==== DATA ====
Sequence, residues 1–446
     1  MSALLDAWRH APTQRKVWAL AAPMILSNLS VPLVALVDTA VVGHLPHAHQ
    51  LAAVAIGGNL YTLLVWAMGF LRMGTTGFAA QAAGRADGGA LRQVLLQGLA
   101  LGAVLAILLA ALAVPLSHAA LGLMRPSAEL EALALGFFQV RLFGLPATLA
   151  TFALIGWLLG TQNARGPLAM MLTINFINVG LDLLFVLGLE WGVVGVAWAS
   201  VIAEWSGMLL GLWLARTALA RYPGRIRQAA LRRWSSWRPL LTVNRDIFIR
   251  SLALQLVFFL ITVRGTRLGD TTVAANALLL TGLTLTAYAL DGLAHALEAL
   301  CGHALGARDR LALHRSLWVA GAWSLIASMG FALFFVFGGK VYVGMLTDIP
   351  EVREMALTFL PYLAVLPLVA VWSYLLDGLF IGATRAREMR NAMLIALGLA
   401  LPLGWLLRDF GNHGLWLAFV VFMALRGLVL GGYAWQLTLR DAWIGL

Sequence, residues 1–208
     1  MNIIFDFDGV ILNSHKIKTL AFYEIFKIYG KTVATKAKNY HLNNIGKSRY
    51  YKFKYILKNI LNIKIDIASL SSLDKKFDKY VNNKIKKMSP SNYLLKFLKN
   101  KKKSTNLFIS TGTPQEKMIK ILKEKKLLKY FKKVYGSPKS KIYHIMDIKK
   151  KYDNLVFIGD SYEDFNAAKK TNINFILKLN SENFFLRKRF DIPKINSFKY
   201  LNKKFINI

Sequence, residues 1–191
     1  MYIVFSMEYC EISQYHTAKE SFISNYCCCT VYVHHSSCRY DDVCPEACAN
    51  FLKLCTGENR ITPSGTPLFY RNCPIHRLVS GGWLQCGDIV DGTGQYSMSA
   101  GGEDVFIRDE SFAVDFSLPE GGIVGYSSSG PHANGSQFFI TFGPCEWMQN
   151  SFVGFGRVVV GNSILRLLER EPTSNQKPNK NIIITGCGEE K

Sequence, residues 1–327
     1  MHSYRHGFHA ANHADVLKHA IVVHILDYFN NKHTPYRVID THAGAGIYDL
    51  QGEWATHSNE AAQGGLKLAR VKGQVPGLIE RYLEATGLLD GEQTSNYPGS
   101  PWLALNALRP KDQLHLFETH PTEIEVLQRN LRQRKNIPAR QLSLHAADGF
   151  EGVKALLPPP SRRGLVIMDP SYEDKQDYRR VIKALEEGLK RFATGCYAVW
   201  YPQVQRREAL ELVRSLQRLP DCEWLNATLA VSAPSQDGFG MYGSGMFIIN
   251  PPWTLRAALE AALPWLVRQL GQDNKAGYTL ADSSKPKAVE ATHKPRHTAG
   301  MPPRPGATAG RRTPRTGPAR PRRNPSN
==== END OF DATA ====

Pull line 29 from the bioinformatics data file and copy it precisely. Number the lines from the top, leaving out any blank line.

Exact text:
   301  MPPRPGATAG RRTPRTGPAR PRRNPSN